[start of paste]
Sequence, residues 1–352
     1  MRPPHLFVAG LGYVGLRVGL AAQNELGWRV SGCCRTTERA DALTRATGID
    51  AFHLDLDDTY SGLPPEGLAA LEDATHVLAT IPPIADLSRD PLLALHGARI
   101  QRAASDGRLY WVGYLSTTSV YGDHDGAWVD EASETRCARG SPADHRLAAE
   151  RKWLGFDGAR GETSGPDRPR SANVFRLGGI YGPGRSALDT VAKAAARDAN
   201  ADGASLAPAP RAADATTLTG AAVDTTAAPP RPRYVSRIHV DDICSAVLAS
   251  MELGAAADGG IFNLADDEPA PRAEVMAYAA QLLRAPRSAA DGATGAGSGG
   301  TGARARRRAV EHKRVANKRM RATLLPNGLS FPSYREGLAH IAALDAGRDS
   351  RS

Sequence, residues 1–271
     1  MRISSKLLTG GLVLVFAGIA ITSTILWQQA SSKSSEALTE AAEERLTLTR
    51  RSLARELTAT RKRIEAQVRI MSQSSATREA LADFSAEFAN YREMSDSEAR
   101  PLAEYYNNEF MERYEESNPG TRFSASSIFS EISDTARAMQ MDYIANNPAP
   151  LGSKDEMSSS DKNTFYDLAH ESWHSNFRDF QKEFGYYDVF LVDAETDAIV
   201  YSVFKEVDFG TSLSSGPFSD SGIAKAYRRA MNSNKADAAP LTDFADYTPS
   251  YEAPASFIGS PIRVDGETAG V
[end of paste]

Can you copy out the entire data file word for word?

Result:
Sequence, residues 1–352
     1  MRPPHLFVAG LGYVGLRVGL AAQNELGWRV SGCCRTTERA DALTRATGID
    51  AFHLDLDDTY SGLPPEGLAA LEDATHVLAT IPPIADLSRD PLLALHGARI
   101  QRAASDGRLY WVGYLSTTSV YGDHDGAWVD EASETRCARG SPADHRLAAE
   151  RKWLGFDGAR GETSGPDRPR SANVFRLGGI YGPGRSALDT VAKAAARDAN
   201  ADGASLAPAP RAADATTLTG AAVDTTAAPP RPRYVSRIHV DDICSAVLAS
   251  MELGAAADGG IFNLADDEPA PRAEVMAYAA QLLRAPRSAA DGATGAGSGG
   301  TGARARRRAV EHKRVANKRM RATLLPNGLS FPSYREGLAH IAALDAGRDS
   351  RS

Sequence, residues 1–271
     1  MRISSKLLTG GLVLVFAGIA ITSTILWQQA SSKSSEALTE AAEERLTLTR
    51  RSLARELTAT RKRIEAQVRI MSQSSATREA LADFSAEFAN YREMSDSEAR
   101  PLAEYYNNEF MERYEESNPG TRFSASSIFS EISDTARAMQ MDYIANNPAP
   151  LGSKDEMSSS DKNTFYDLAH ESWHSNFRDF QKEFGYYDVF LVDAETDAIV
   201  YSVFKEVDFG TSLSSGPFSD SGIAKAYRRA MNSNKADAAP LTDFADYTPS
   251  YEAPASFIGS PIRVDGETAG V